Executive Summary of "Room to Grow" project in Zinder, Niger

Population Services International (PSI) along with the Organizing to Advance Solutions in the Sahel (OASIS) and the High Commission of the Nigeriens Nourish Nigeriens agriculture initiative (HC3N) propose a novel solution to leverage the African Market Garden (garden) movement to improve gender equity, access to family planning (FP), and nutrition in Niger. 

Niger has the highest total fertility rate in the world (7.6 children per woman), pervasive poverty, and staggering levels of malnutrition contributing to high maternal and child mortality. By 2050, climate change is expected to exacerbate existing food insecurity, just as Niger's population is projected to triple. Gender norms restrict women's reproductive autonomy, household decision-making, and FP access, weakening health outcomes and economic well-being. For example, 76% of married women in Niger report that husbands alone make healthcare decisions for their wives. 

Political will is high to reverse these trends. President Mahamadou Issoufou has spoken publicly about the importance of FP, the Minister of Health is now a member of the Family Planning 2020 (FP2020) Reference Group of advisors, and Niger's National FP Action Plan sets a target of reaching a contraceptive prevalence rate (CPR) of 50% by 2020. Reaching this target will require an unprecedented annual increase of 7% in Niger's CPR. Culturally acceptable models are urgently needed to operationalize high-impact activities to ensure women's empowerment, gender equity, access to FP, and essential nutrition actions (ENA) necessary to achieve Niger's ambitious target and to avert malnutrition and chronic food insecurity. President Issoufou has also initiated an ambitious agricultural transformation plan, implemented by project partner HC3N.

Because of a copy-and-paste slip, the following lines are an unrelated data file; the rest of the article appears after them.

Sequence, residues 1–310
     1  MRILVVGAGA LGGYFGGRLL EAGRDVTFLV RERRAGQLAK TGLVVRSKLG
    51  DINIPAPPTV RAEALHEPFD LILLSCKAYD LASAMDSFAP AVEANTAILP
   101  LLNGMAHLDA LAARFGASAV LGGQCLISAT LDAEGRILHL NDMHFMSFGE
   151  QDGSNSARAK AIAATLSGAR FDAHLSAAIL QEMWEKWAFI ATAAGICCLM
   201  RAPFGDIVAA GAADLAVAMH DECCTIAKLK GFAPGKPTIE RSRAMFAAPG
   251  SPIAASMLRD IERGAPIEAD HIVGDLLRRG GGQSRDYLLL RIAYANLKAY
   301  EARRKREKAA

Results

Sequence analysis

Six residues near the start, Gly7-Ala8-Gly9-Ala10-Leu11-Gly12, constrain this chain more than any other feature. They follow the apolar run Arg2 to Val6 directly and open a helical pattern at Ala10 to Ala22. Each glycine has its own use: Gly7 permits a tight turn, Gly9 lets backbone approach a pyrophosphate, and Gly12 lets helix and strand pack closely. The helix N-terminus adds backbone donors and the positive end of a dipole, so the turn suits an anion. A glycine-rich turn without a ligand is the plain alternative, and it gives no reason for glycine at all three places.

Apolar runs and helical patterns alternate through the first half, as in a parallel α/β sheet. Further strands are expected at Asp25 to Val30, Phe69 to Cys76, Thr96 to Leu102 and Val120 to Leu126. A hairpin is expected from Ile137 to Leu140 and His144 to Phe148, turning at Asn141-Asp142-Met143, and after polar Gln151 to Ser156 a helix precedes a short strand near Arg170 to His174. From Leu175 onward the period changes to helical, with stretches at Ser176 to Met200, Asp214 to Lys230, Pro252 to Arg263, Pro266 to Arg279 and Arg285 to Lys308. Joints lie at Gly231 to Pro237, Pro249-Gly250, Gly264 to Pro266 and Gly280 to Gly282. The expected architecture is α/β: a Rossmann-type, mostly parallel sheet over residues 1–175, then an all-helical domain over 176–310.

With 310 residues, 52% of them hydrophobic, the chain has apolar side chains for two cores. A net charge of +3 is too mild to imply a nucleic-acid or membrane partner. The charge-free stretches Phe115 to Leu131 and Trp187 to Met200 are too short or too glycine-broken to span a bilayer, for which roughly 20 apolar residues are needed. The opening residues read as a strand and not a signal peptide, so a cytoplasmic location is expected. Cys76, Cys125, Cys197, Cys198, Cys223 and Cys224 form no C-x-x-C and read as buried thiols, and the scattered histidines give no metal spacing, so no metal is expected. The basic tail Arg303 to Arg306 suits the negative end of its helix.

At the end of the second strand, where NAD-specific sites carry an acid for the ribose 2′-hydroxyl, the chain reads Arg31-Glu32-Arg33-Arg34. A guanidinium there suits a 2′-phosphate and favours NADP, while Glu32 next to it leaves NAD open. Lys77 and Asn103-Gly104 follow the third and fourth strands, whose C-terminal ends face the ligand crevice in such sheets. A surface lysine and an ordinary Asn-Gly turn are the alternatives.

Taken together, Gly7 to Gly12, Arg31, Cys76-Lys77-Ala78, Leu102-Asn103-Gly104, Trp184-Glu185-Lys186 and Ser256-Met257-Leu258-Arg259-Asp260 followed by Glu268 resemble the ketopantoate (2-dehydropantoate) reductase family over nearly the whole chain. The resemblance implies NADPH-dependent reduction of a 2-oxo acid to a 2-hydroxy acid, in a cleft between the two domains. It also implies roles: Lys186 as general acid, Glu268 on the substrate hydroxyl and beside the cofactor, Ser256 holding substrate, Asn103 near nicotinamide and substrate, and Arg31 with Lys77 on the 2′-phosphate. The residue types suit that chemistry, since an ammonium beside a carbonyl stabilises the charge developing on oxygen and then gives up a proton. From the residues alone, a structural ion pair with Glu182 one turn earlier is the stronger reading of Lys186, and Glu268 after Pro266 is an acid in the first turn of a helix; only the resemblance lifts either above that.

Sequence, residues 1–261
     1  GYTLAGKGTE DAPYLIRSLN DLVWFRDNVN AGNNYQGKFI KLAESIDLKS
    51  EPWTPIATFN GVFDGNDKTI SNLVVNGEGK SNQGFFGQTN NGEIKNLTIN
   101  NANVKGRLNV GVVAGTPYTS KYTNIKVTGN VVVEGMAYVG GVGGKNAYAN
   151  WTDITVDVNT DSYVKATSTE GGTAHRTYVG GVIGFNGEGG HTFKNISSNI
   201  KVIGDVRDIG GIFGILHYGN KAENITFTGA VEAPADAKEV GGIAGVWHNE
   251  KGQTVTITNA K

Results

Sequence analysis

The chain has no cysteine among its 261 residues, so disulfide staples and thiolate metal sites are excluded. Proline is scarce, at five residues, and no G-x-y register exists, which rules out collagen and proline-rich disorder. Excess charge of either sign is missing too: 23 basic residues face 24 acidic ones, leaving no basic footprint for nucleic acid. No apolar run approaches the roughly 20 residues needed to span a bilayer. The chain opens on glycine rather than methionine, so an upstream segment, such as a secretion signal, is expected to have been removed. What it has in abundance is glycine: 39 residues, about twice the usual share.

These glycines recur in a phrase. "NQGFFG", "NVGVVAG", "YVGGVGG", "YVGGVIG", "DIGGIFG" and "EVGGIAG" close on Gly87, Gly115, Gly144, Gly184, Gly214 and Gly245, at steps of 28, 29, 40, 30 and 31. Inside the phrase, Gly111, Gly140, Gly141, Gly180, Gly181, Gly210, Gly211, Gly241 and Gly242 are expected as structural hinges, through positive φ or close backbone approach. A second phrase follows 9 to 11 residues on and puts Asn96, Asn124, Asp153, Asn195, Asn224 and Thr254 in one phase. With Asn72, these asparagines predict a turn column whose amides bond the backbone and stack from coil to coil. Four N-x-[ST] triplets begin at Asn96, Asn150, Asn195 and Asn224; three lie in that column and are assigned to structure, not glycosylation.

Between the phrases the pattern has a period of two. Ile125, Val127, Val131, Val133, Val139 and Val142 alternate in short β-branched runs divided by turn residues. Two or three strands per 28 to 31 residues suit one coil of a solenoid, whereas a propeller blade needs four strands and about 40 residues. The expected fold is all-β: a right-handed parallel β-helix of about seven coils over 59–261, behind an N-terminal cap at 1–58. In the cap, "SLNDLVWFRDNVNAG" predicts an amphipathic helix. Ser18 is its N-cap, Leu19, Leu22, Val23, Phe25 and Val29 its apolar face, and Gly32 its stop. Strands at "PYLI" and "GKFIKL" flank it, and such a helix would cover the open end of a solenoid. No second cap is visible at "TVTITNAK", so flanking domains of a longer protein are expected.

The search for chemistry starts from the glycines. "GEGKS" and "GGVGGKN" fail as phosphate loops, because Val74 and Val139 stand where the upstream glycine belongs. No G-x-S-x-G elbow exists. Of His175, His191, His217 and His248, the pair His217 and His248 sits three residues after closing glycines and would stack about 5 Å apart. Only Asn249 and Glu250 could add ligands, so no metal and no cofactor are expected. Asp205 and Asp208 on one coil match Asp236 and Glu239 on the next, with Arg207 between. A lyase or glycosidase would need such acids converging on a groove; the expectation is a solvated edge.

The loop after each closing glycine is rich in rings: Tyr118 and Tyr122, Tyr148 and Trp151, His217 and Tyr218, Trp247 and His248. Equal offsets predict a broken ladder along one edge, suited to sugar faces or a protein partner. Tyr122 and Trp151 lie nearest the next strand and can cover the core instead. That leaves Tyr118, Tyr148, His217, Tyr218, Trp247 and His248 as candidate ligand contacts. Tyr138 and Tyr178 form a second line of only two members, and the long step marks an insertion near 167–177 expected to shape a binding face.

Efforts to address this complex set of challenges, in the Sahel or other settings, are at the intersection of high fertility and food insecurity, yet often fail to put women at the center of the solution. Interventions are often compartmentalized and do not address the full range of women's and girl's needs nor opportunities to engage with them as agents of change. As part of the literature reviewed to inform this project, an analysis of agriculture and nutrition programs by the International Food Policy Research Institute (IFPRI) found a growing consensus that an important pathway to improving nutrition through agriculture programs is via women's empowerment, although the authors concluded that there is still a "dearth of evidence on the impact of these programs on women's knowledge and practices, time, health and nutritional status, and decision-making processes within the household." 

This project proposes to start from the places where women already gather. In Niger, gardens are emerging as a vibrant and vital place for women to meet, grow nutritious food, and generate income. The project team proposes to assess proof of concept for an integrated solution that brings together gender-synchronized approaches, community-based delivery of FP products, and promotion of improved nutrition practices using difference-in-differences estimation to compare intervention and control gardens.  Working with women and their male partners, the project team will design an integrated solution that is scalable in the Sahel and in line with Niger's development priorities. PSI will lead project implementation and OASIS will lead research design and project evaluation. 

Just as women learn to space seeds to promote healthy growth, this project will foster room to grow: for women as autonomous decision-makers and drivers of their own and their family's health and nutrition, and for men as champions of gender equitable decision-making and healthy family size.